What You Want When You Want It.

by Colin McGuire. 0 Comments

The obligatory Amazon drone photo. (Associated Press)

The obligatory Amazon drone photo. (Associated Press)

Welp. With a little less than two weeks left in 2013, we have been inundated with wrap-ups, lists, best-of commentary and, of course, think pieces dedicated to figuring out what it all might mean moving forward. Naturally, CNN did this with television. And naturally, CNN broached the whole Internet TV thing. Let’s go, Lisa Respers France …

“While streaming and DVRing shows is not new, the take off of the original content really came into its own in 2013,” she wrote Wednesday. “Charlotte Koh, head of content development for Hulu Originals, said she sees it as a natural progression as consumers become more comfortable ‘living online.'”

Living online? Really? What’s next — figuring out how to cook dinner by logging onto AOL? Using our computer screens as jukeboxes for whatever music we feel like listening to? Ordering clothing on some Web marketplace that offers all brands, shapes and sizes for prices oftentimes free of shipping? Jeez. What was she thinking?!

Anyway, the piece is worth your time if you have an extra 10 minutes to spare (bonus: It also points out how many Golden Globe nominations Netflix received last week!). Maybe the most original aspect of the writing is its attention to Hulu and Amazon, rather than the typical slobber-fest most outlets go through over Big Red (hey, there!). Among the tidbits:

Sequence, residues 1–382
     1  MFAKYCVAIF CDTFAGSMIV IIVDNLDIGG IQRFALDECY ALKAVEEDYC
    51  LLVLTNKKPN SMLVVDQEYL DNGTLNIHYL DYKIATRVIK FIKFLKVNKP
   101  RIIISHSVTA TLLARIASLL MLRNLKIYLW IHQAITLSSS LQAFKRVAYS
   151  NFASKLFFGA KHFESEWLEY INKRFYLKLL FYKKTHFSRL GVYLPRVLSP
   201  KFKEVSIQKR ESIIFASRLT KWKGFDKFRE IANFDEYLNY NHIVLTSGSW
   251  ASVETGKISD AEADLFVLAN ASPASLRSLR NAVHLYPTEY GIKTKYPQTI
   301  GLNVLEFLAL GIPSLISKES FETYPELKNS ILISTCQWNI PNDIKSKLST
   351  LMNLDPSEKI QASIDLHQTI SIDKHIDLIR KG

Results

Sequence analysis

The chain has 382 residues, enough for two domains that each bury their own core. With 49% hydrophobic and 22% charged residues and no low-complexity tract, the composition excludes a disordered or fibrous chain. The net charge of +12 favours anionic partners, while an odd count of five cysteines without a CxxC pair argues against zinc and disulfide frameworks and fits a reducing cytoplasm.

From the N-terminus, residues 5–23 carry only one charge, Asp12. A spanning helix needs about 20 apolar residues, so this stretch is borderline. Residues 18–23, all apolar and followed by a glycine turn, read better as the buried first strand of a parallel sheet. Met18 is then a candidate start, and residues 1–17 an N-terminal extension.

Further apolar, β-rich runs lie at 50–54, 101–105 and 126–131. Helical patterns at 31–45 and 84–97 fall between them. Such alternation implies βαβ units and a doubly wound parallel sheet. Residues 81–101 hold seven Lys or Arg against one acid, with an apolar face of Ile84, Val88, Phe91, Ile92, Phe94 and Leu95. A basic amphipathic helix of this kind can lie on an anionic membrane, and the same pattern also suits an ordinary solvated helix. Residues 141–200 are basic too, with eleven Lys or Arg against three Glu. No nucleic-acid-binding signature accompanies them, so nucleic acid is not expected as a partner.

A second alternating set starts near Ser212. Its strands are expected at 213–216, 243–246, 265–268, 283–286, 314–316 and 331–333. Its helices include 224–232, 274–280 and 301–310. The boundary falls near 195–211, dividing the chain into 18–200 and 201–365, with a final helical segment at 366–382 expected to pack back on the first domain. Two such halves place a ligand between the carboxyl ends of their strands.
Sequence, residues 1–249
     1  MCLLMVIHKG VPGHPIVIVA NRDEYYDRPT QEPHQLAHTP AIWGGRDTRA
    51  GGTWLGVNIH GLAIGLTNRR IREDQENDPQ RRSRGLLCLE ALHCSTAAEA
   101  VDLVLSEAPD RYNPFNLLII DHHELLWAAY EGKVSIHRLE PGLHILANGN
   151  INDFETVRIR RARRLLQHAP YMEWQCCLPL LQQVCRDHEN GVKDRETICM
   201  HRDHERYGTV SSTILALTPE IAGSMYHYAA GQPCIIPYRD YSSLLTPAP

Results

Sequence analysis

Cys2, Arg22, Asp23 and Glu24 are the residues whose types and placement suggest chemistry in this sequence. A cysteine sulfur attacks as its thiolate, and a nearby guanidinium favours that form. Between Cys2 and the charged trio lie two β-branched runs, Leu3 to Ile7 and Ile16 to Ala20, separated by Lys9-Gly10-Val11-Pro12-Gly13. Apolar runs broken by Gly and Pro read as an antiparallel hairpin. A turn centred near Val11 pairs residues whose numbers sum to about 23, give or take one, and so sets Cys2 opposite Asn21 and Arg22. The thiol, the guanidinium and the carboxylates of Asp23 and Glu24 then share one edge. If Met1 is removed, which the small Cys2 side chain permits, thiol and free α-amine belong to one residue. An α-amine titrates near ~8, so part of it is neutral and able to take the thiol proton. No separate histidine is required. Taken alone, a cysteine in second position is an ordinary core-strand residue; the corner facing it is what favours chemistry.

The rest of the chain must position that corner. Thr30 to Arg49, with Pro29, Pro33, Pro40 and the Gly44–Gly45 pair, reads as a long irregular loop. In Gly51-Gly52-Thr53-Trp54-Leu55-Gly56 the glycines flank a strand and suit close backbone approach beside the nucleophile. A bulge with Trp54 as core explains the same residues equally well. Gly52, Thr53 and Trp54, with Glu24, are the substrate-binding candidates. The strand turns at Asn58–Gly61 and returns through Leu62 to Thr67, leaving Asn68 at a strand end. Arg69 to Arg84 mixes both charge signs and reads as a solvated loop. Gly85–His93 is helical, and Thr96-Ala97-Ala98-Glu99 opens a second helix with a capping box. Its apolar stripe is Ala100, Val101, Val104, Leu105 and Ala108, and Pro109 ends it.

• Hulu is about to go into its first venture co-produced by heavyweights Lionsgate. The name of the series and who’s set to star in it? You’ll have to click over to see.
  • There is a list of the best television episodes of 2013 floating around the Interwebs. Yes, Netflix originals make appearances.
  • The marriage between social media and television gets another breakdown. As we’ve been saying here for months, Twitter is becoming more and more important to where this all might be headed.
  • A retread of the binge-watching definition discussed a few days ago on this here blog is brought up. SPOILER ALERT: It’s still between two and six episodes.

And so it goes. Another banner year for Internet television. Another mainstream media outlet giving ink to companies with weird names. The steps forward are far larger than the occasional tiny movements backward and the medium is drastically more promising than it was on, say, Dec. 19, 2012. We’ll get to what we hope you might be able to offer next week, 2014, but in the meantime here’s a hint: It will be a lot.


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